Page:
It doesn’t seem like that long ago when my children were finishing up their schoolwork and looking forward to a change of routine in the summer. I remember preparing for our time off of “regular” school—trying to find a balance between planned activities and down time for our summer break. I did this for my kids, but I also did it for me. I needed some time to unwind and clear my mind in preparation for the school year ahead. 

One summer I had the idea of asking neighborhood moms and kids if they would like to come over once a week for art. When I initially relayed this to my children, I think it was met with some eye rolls and something like, “Mom, they will not want to do that.” Our neighborhood has twenty-one houses in it. It was a mixed bag of schooling choices at the time with several families participating in public school, two in different private schools, and us—the sole homeschoolers. 

To the shock of my kids, most of the families we asked said they would love to participate. I think that we typically had ten children and four moms participate. 

The library has a large selection of books about art for kids. There are also free art lessons available online. I really enjoy “20 Art Projects for Kids” here at It’s Always Autumn – creative tutorials for everyday life and36 Elementary Art Lessonsat Happiness is Homemade.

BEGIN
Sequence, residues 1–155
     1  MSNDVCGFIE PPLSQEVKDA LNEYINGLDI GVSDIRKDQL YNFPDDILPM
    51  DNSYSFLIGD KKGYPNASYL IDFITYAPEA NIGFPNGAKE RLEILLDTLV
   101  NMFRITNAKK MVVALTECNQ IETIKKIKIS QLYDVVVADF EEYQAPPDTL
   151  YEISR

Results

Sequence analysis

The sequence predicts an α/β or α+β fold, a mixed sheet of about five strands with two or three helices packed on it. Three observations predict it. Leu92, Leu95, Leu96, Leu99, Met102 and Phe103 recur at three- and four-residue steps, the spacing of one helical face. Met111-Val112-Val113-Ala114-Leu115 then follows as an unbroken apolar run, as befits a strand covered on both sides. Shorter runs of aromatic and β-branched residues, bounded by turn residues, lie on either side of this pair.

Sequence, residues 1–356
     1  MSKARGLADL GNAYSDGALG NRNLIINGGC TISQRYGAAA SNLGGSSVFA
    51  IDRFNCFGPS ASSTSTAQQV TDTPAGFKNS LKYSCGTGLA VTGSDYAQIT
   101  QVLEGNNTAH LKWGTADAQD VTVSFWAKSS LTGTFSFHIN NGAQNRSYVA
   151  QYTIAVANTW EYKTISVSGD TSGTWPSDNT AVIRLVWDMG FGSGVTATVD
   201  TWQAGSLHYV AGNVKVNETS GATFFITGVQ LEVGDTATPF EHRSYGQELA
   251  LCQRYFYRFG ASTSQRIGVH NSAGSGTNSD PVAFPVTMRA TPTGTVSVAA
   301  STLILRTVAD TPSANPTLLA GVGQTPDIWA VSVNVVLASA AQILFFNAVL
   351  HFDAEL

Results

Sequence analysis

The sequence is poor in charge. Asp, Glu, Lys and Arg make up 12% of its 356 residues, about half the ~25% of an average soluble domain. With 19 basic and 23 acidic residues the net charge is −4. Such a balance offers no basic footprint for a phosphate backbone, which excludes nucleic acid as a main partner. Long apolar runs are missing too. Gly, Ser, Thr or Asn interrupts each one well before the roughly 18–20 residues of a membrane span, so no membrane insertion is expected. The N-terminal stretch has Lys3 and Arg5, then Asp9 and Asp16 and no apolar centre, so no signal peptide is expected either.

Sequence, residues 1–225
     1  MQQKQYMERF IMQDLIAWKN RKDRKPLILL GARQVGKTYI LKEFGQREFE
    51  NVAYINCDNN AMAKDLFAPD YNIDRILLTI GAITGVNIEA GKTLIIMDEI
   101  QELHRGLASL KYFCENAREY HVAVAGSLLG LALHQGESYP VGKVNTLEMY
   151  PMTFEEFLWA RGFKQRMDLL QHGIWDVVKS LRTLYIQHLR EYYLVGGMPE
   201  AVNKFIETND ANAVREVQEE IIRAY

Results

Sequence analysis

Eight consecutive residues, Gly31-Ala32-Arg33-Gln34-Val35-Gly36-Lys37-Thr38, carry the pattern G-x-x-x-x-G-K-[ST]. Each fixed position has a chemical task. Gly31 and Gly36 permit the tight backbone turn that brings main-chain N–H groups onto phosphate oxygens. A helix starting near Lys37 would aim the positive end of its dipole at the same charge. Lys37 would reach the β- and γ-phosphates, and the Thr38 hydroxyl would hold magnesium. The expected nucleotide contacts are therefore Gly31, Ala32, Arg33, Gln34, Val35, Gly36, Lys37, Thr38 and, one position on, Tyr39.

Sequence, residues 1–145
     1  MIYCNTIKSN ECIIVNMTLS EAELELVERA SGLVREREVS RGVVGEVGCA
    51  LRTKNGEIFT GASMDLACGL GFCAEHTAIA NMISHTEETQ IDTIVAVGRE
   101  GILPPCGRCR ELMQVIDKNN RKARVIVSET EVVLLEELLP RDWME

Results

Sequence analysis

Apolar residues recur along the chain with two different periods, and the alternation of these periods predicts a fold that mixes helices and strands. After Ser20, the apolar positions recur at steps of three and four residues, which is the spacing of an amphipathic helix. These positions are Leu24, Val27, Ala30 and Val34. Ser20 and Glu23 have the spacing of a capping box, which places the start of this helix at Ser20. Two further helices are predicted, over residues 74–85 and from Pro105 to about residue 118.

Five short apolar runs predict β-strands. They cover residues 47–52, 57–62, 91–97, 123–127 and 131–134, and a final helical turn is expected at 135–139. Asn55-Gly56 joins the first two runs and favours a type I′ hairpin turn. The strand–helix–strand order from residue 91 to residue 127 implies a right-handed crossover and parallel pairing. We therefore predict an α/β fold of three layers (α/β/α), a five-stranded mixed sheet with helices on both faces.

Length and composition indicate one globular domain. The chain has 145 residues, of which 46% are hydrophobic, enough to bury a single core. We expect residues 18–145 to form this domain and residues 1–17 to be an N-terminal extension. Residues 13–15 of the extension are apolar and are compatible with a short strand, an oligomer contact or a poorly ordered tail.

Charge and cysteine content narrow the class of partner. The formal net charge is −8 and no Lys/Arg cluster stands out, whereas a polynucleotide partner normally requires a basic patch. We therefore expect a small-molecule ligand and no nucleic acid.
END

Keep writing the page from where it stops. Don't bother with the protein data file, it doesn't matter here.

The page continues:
Even with all of the amazing resources, we ended up using the same materials that my kids had used over the years for their art classes in homeschooling. We had run across a curriculum called Atelier that had various levels. Most of the projects were very vibrant and interesting—and things that my kids didn’t mind repeating. Permanent black pens, large white construction paper, paintbrushes, and tempera paint were the common items needed for the completion of most lessons.  

Our gathering spot was either our kitchen/dining area or outside on a picnic table in the shade. After I explained the lesson and showed examples, the kids quickly went to work. I often laughed to myself thinking I was glad I was not an art teacher. The kid, including my own, often created work that was completely different from the lesson. 

It was also commonplace for the children to only use a tiny section of their paper for their drawings or to press too hard with their pencils making erasing next to impossible if needed—two big no-no’s in a typical art class. I could see where this would have been a headache if someone had to assign grades. The plus for me is that I didn’t have to assign grades. My only requirements were for the kids to just be kind and help clean up when we ended. 

I gave them tips and suggestions before and while working and let them create at their comfort level. Moms often participated too. Not only were we completing art projects, but we were laughing and talking with each other along the way. I think the social time was a blessing for kids and for moms. I know it was for me. 

At the request of the neighborhood kids, what started out as a single summer art class became an annual event. Over the years, our artwork improved, and we all managed to produce a few frame-worthy pieces. Most importantly, our time gave us the opportunity for friendships to grow and pleasant, relaxing summertime memories to be made.